they usually aren't responding to a crime scene, but yes, where I work, we do call crime scene investigators CSI, whether they call them that where your story is set really depends on the agency that you're writing about This week's. Next question comes from Danielle Lincoln, Hannah, and she writes, Hey Adam, thank you so much for your previous responses to questions I've asked.

I have one that could particularly benefit from a cop who works in a border state the years, approximately 1995, the places Los Angeles or one of its suburbs, still working that out a 45 year old Hispanic male is stopped by police because he matches the description of someone who held up a convenience store. The suspect resists arrest and ends up with significant injuries from the arresting officers Baton.

The man in question is later cleared of any involvement in the convenience store holdup, but here are my questions. At any point in their investigation into this individual, would the police inquire into his immigration status? If they found out the man is an illegal alien, where might that lead for him? Would he still be under arrest? Would he be imprisoned or deported?

Thanks for your help and your fantastic podcast. Danielle, thanks for the question. Danielle, 1995 was definitely a different era of policing in California compared to today. Having started my career in 1996 in California, I can tell you that his immigration status would not factor into it unless he'd been booked in jail. If he was in jail, there may have been an ins agent working in the jail ins was the immigration and naturalization service.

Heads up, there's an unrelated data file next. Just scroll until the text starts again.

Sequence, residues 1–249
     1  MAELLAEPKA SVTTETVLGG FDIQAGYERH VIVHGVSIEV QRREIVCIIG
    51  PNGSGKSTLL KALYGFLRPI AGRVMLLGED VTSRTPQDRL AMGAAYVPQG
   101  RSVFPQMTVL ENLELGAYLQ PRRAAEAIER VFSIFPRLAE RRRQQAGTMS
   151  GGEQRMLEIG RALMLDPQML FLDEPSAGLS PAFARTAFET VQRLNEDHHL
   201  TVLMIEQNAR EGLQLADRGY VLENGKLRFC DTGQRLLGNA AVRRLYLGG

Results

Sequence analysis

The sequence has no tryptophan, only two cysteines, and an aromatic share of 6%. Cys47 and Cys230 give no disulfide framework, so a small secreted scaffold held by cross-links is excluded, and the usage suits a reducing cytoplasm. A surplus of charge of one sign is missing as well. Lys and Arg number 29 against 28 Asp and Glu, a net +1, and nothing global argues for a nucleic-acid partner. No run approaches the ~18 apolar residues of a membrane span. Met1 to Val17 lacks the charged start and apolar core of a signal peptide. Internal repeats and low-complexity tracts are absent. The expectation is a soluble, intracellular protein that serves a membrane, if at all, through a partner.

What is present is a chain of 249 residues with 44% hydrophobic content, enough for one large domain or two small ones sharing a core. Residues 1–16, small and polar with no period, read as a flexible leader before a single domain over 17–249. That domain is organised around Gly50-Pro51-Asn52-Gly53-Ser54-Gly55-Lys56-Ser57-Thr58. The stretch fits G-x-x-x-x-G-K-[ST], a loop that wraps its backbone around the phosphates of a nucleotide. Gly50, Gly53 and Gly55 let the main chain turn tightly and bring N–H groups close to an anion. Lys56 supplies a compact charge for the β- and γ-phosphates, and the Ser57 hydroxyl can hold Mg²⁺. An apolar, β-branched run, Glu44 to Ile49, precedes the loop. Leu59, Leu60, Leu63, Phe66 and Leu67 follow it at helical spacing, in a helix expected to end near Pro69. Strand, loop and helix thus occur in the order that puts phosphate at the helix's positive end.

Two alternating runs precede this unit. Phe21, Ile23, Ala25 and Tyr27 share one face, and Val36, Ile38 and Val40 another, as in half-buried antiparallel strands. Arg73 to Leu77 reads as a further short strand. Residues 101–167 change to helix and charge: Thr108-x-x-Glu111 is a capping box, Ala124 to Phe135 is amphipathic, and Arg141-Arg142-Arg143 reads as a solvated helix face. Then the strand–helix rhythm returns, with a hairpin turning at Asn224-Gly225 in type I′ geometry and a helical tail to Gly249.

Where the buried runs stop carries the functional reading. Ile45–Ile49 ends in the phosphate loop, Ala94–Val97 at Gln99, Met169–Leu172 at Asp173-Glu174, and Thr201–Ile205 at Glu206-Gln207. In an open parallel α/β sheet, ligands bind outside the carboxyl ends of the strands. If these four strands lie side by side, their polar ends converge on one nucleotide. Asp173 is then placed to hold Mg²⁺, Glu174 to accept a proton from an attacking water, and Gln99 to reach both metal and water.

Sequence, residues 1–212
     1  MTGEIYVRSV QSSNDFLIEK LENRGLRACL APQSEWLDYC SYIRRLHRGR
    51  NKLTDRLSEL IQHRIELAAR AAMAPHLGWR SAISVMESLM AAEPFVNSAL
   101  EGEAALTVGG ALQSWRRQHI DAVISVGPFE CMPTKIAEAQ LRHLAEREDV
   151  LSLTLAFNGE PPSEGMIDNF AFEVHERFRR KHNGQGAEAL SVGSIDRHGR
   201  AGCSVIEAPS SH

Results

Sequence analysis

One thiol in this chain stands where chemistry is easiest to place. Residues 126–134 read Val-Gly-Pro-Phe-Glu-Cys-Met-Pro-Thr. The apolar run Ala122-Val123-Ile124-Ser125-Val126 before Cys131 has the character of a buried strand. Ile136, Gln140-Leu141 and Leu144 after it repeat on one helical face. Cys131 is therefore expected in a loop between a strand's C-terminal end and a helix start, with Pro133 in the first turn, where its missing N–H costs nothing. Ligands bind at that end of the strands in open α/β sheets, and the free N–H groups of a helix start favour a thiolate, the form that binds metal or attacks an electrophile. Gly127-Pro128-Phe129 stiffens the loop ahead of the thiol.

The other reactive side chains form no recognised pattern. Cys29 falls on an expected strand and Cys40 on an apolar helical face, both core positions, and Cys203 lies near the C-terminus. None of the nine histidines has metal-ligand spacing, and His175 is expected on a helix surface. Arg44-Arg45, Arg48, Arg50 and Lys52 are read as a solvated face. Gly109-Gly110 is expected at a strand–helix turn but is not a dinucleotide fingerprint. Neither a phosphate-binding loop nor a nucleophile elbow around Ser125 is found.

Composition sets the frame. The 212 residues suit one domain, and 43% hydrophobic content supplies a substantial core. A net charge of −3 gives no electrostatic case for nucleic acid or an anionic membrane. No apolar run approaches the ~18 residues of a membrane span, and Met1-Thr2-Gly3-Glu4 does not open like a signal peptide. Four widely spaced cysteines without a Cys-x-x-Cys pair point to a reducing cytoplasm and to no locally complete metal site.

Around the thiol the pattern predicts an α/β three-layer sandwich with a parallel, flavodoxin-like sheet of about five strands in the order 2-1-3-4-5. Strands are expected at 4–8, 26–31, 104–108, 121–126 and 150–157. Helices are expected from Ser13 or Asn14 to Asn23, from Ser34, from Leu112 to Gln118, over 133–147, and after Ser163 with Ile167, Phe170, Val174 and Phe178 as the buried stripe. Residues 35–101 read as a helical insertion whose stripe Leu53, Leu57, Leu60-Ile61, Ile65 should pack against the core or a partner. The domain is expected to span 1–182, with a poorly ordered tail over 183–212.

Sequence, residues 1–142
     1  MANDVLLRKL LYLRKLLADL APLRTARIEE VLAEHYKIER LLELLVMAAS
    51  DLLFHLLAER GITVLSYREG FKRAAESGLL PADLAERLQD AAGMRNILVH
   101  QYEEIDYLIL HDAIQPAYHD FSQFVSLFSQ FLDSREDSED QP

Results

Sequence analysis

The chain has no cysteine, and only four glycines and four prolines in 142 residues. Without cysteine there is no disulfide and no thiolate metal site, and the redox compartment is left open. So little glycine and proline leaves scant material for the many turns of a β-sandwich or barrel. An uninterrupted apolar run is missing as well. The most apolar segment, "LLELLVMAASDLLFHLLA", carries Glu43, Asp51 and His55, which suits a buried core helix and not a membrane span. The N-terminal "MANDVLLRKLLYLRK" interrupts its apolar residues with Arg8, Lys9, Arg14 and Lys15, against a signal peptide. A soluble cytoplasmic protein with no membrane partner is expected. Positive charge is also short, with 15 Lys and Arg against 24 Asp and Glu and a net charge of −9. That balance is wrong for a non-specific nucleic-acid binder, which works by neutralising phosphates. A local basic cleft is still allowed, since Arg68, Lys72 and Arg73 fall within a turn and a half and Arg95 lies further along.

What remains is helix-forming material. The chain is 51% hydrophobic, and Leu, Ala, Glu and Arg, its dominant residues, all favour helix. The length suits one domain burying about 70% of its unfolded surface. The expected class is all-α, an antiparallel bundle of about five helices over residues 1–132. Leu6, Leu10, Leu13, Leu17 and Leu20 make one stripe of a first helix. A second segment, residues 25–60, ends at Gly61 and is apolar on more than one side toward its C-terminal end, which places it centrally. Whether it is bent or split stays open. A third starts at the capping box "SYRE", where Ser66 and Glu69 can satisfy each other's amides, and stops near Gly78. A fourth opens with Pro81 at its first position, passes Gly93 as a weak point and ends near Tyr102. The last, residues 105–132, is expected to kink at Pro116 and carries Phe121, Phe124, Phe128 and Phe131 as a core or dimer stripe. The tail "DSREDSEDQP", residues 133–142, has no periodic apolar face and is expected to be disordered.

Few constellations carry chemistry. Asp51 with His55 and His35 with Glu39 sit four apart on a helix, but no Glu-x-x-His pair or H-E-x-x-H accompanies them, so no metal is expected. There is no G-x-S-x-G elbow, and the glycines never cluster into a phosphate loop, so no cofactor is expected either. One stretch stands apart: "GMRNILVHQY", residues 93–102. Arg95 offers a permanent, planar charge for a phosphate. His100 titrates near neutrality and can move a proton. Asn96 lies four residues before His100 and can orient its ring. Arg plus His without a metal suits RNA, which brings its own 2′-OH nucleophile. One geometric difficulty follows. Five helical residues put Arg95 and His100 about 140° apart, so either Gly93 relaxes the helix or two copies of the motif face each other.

The predecessor to what we now call ice immigration and customs enforcement, assuming he was not booked in jail, he would likely have been let go, unless they knew he was a quote previously deported criminal, illegal alien and quote, which is a very specific term. And it means that he'd been convicted of a crime, did his time in jail or prison.

And instead of being released back to the street, he was transported back to his country of origin that would show up on his rap sheet, meaning his criminal history, which they may have checked while they were investigating, whether this was their suspect. If he was just here illegally without any record of prior arrests, they would probably have just kicked him loose.

But this is your story. So you can certainly write, however it works best for your plot. Back then we often found obviously fraudulent green cards on people all the time. If he had one of those in his wallet, that would be a pretty decent clue that the guy was not a legal resident and it could prompt him being turned over to ins,